proposed section 72.31a, paragraph 4d, to provide for consideration in 
wind energy planning of ``project area resources and uses sensitive to 
noise from wind turbines,'' rather than ``noise from wind turbines.''
    A second respondent recommended the following additional 
suitability factor to proposed 72.31a, paragraph 4a: ``the potential 
impacts, including fragmentation and habitat abandonment, on important 
wildlife corridors, large contiguous habitat areas, or any globally 
unique, rare, or threatened ecosystem or habitat type.''
    A third respondent recommended revising proposed section 72.31a, 
paragraph 4a, to provide for consideration in assessing site 
suitability of ``the presence of or habitat for federally or State 
listed protected species, candidates for such protection, and other 
species of management concern, as defined in section 70.5,'' rather 
than ``the presence of federally listed fish, wildlife, or rare plant 
habitat.''
    Response. Without more information, the Agency was unable to locate 
the letter referenced by the first respondent and was unable to address 
the comment concerning that letter. The Agency has not made the 
revision suggested by this respondent to proposed section 72.31a, 
paragraph 2 (sec. 72.21 in the final directives), because the Agency 
believes that electricity produced by wind turbines will require a 
generation substation and transmission lines to carry it to a power 
grid.
    The Agency has included the introductory text of proposed section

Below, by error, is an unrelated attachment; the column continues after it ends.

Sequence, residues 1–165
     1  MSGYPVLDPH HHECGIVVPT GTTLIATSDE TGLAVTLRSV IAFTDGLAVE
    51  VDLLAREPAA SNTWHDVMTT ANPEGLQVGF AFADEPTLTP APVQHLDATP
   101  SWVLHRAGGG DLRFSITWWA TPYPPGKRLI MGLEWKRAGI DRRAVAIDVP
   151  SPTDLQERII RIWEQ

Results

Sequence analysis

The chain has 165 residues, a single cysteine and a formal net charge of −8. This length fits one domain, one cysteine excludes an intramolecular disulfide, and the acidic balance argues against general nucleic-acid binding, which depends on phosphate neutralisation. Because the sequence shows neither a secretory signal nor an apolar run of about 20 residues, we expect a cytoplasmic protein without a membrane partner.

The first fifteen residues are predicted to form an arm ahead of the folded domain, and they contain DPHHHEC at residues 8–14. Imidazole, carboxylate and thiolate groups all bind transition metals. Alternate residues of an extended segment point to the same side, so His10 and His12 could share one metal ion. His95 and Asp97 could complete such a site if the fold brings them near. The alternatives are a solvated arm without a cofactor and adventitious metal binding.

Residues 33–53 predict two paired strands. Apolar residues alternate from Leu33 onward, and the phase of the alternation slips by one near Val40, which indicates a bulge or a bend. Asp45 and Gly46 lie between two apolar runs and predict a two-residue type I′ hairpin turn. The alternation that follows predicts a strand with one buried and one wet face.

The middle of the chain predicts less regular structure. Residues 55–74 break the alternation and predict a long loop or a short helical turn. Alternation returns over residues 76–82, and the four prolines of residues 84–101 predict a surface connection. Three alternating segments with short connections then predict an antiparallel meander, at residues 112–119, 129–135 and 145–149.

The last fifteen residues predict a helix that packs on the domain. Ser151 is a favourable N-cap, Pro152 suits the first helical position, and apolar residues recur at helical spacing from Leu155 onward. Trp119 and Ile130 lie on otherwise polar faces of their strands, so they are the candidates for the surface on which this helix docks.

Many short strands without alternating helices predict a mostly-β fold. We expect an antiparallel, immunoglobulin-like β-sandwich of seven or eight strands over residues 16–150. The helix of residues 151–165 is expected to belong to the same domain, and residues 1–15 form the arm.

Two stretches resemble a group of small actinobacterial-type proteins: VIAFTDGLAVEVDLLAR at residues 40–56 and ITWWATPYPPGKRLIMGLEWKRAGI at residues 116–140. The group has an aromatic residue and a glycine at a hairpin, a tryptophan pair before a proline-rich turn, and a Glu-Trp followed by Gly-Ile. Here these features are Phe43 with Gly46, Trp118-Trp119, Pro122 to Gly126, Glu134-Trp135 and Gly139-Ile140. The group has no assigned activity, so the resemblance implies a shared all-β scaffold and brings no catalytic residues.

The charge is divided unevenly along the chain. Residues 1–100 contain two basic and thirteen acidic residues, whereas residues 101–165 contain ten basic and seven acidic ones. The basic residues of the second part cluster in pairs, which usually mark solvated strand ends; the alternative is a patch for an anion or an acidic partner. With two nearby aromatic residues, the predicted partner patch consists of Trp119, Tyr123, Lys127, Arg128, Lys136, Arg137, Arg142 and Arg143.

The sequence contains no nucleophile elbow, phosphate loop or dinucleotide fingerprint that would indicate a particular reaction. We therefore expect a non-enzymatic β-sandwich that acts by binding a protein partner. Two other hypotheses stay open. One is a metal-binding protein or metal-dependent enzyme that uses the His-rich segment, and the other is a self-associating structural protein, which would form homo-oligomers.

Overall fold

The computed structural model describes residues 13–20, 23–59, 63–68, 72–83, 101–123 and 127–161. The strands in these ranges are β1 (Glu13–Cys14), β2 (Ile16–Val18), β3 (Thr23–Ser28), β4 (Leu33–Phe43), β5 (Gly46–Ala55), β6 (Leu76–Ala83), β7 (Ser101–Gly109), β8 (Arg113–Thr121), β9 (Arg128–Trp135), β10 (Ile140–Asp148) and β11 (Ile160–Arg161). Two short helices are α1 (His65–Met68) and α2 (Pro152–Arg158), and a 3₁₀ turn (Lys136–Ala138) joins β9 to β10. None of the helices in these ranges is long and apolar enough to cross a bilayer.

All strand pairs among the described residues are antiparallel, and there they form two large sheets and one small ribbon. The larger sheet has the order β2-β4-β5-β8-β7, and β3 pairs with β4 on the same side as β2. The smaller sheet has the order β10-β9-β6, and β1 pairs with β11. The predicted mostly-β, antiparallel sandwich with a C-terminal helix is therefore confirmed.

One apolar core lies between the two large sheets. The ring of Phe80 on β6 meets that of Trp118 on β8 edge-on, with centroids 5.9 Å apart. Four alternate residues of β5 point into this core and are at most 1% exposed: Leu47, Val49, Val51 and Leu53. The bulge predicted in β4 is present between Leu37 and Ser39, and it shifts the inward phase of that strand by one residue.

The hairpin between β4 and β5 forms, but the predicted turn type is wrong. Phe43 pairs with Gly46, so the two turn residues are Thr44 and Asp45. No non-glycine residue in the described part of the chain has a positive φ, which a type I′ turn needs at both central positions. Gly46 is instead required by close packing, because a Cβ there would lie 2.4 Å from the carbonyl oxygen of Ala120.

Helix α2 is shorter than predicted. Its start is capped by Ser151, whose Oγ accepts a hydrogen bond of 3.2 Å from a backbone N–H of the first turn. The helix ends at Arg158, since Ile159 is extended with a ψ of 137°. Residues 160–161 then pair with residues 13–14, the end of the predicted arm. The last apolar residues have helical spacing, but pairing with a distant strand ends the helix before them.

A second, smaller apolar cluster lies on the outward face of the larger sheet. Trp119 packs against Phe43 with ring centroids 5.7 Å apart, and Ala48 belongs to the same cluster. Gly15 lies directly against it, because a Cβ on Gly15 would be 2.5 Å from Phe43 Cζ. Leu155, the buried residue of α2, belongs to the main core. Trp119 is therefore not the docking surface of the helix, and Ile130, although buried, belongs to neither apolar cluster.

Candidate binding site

72.31a, paragraph 4, in section 72.21 in the final directives. However, 
the Agency has not retained proposed section 72.31a, paragraphs 4a 
through 4d, in the final directives or added the suitability factor 
suggested by the second respondent because they are duplicative. 
Sections 72.21, 73.3, 73.4, and 75.11, paragraph 1, in the final 
directives adequately address consideration of resource impacts, the 
wind resource, proximity of proposed wind turbines to transmission 
lines, and noise from wind turbines in evaluating wind energy proposals 
and applications.
    The Agency agrees with the third respondent that the definition of 
species of management concern should include State-protected species 
and has accordingly revised that definition in section 70.5 of the 
final directives.
    Comment. One respondent suggested revising section 72.31a, 
paragraph 6, to state that authorizations for wind energy development 
will not be issued for development incompatible with specific resource